"Fractured" Baltimore County School Board Up for Vote in Primary
Early voting is under way and Baltimore County residents will for the first time elect some of the members of the school board. The way it’s being done can be confusing, but there are those who think electing school board members is the key to mending the current, fractured board. WYPR’s John Lee joined Nathan Sterner in the studio to talk about it.
Sterner: John, what’s happening on the county school board now?
Lee: It is a board that regularly splits 8-4 on key issues, most notably in the battle over whether to make Verletta White the permanent school superintendent. And it’s not hard to pick up on the bad blood between board members. For instance, there recently was debate over whether to make White interim for another year, after the board’s vote to make her the permanent superintendent was rejected by State School Superintendent Karen Salmon. And that happened after members of the minority lobbied Salmon to do that. At a recent board meeting board members accused each other of having a double standard and being out of order. At one point there was this back and forth between board chairman Ed Gilliss and board member Kathleen Causey. Gilliss was saying the board was pressed for time and had already discussed the White appointment in closed session. Causey countering that that was not enough time to discuss what she called the board’s most vital and urgent issue.
Gilliss: “We need to move on. It’s 6:10 and we have a graduation at 7. Mrs. Causey.”
Causey: “Well maybe we should have planned the meeting a little earlier and not just thought.”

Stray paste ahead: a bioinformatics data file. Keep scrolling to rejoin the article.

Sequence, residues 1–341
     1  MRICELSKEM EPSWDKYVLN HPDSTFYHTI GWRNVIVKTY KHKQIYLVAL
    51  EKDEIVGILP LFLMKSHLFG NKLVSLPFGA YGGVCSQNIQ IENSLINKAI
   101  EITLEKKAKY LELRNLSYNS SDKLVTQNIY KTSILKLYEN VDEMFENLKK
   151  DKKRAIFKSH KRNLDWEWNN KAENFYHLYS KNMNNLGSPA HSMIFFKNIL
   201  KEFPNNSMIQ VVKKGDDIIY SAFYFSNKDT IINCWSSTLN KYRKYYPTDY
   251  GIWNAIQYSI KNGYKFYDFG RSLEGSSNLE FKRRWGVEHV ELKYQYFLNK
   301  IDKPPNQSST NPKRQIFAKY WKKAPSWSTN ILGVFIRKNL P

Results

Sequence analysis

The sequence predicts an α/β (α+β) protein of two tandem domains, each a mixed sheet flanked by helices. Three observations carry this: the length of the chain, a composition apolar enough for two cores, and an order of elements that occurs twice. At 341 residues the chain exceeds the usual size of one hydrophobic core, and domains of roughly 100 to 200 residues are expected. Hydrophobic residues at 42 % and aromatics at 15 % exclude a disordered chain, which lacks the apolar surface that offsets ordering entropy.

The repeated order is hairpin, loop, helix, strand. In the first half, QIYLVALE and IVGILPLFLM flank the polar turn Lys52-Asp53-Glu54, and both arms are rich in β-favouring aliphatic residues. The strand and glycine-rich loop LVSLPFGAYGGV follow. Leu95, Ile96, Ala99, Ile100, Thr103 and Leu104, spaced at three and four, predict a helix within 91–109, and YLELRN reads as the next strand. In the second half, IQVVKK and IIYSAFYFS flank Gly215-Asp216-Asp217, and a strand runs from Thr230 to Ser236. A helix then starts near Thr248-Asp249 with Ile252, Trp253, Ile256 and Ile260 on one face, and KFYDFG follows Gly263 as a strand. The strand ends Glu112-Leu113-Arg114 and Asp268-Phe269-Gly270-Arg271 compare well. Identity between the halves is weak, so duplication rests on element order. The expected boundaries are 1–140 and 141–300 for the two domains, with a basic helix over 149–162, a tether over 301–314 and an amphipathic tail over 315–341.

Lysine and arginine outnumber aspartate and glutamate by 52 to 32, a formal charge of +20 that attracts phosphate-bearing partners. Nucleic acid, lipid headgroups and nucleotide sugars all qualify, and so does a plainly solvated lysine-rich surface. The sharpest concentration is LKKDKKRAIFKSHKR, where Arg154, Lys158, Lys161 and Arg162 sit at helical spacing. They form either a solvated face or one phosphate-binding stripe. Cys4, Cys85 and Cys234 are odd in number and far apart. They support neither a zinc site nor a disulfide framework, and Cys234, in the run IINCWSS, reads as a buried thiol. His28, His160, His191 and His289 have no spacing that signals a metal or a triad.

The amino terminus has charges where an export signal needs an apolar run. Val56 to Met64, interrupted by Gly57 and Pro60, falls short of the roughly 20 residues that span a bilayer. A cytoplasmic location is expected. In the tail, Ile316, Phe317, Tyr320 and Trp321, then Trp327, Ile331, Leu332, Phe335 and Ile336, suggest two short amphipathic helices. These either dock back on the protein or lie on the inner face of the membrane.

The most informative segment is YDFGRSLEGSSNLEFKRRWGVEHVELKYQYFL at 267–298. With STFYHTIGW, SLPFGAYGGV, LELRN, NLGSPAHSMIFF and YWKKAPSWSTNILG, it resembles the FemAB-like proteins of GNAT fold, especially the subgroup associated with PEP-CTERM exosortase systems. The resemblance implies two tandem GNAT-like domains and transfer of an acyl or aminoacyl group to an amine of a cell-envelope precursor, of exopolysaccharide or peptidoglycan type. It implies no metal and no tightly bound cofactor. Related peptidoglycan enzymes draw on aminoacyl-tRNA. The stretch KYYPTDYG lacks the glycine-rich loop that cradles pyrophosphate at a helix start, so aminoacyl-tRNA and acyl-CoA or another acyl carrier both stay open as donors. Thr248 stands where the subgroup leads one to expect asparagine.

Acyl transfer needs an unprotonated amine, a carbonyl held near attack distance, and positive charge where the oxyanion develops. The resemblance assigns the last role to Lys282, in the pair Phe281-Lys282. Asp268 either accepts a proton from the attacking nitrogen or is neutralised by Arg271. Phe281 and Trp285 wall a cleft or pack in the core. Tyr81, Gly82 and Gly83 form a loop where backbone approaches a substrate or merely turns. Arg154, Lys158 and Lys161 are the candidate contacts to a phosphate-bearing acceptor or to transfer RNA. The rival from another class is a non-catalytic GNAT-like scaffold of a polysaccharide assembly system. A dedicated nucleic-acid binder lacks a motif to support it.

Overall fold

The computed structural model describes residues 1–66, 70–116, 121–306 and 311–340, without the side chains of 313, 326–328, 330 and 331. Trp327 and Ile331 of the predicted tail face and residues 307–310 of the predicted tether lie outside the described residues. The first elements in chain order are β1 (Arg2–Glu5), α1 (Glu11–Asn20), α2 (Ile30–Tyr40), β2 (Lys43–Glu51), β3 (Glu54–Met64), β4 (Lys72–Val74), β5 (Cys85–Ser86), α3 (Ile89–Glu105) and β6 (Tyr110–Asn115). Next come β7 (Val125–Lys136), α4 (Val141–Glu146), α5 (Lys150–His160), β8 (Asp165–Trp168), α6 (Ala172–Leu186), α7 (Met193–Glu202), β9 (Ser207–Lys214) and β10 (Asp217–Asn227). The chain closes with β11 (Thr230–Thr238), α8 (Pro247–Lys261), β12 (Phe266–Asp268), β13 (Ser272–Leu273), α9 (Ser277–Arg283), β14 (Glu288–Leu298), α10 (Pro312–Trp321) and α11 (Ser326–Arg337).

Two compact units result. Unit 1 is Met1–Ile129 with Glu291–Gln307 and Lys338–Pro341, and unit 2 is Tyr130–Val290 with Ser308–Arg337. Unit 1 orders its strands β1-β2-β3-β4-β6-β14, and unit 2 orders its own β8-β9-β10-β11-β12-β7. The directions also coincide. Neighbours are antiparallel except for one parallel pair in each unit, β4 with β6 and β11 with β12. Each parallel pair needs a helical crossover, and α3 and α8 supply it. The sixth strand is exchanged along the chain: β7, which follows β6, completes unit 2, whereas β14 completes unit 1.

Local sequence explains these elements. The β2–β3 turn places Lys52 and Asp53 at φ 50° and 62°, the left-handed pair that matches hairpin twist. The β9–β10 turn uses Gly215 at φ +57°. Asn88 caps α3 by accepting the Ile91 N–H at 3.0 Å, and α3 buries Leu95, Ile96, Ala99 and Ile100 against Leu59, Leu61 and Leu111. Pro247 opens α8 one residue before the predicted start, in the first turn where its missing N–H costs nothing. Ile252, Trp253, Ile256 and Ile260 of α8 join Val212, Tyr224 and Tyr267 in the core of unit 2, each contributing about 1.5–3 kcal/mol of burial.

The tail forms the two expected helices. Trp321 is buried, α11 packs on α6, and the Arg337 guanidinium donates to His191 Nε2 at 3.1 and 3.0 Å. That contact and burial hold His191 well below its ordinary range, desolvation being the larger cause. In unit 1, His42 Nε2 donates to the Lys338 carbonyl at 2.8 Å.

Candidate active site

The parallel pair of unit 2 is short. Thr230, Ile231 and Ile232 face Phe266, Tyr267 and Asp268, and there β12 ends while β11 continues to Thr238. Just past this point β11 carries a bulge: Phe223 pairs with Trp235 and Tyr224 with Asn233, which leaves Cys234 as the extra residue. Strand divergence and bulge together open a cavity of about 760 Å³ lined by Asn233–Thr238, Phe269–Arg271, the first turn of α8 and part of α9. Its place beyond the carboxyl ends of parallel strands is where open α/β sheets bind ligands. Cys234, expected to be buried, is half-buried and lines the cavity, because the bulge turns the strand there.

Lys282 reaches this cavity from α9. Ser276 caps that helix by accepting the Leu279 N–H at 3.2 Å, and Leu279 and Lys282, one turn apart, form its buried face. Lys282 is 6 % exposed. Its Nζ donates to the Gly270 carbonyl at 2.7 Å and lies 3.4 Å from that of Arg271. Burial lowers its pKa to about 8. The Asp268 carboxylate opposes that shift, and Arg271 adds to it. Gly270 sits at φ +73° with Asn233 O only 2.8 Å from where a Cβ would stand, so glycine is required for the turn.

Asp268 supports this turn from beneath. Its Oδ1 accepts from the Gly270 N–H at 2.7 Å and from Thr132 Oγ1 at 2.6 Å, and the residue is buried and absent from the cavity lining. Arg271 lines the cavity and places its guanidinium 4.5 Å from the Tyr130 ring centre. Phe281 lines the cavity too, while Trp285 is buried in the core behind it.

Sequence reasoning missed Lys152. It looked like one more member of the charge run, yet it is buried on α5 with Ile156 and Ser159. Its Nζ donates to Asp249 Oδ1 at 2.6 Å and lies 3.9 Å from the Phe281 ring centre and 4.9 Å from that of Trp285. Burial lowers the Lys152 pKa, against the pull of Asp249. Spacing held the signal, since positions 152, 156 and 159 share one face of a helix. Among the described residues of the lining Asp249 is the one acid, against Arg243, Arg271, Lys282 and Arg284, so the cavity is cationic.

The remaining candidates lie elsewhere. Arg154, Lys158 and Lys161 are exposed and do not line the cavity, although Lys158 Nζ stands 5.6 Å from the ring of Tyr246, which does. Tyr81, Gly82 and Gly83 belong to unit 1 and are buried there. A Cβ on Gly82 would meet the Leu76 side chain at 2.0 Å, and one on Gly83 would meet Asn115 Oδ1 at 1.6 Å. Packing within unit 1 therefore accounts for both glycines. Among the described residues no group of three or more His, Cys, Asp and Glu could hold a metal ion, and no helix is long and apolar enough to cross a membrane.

Gilliss: “We did plan. Hold on. We did plan.”
Causey: “Do I have the floor?”
Gilliss: “Not yet.”
Sterner: Have the candidates running for county executive weighed in on what’s happening on the school board?
Lee: I’ve spoken to each of them about this and they all say variations on the same theme: that the board is fractured and if elected county executive they will get involved to try to fix it. Republican candidate Al Redmer summed it up this way.
Redmer: “Not only do they disagree, but they tend to be disagreeable.”
Lee: Redmer and other candidates say they would try to mediate differences on the board. But it’s important to note that the county executive technically does not have any authority over the school board. The executive does, however control the school system’s budget. So the executive candidates also are hoping this move to a partially elected board will help matters.
Sterner: How does the voting work?
Lee: There are seven council districts in Baltimore County. Each council district will have one elected school board member. There are competitive races in all seven districts. And the primary vote that’s going on now is really a runoff. Voters will pick the top two candidates in each district to face off in November. But here’s the tricky part. In three of the council districts, the 2nd, the 5th and the 6th, there are only two candidates. So in those three districts, there is no school board contest on the primary ballot, but there will be one in the general election. And in case you know your council members and not your district number, I am talking about the districts represented by Vicki Almond, David Marks and Cathy Bevins.
Sterner: And there will be newly appointment members as well.
Lee: That’s right, there will be four seats appointed by the governor. The county school system will not disclose the names of those who applied, but I’ve been told there are around three dozen applicants. Only two current board members are running in the election. So Nathan, when the new school board is in place after the election, it will be a very different board.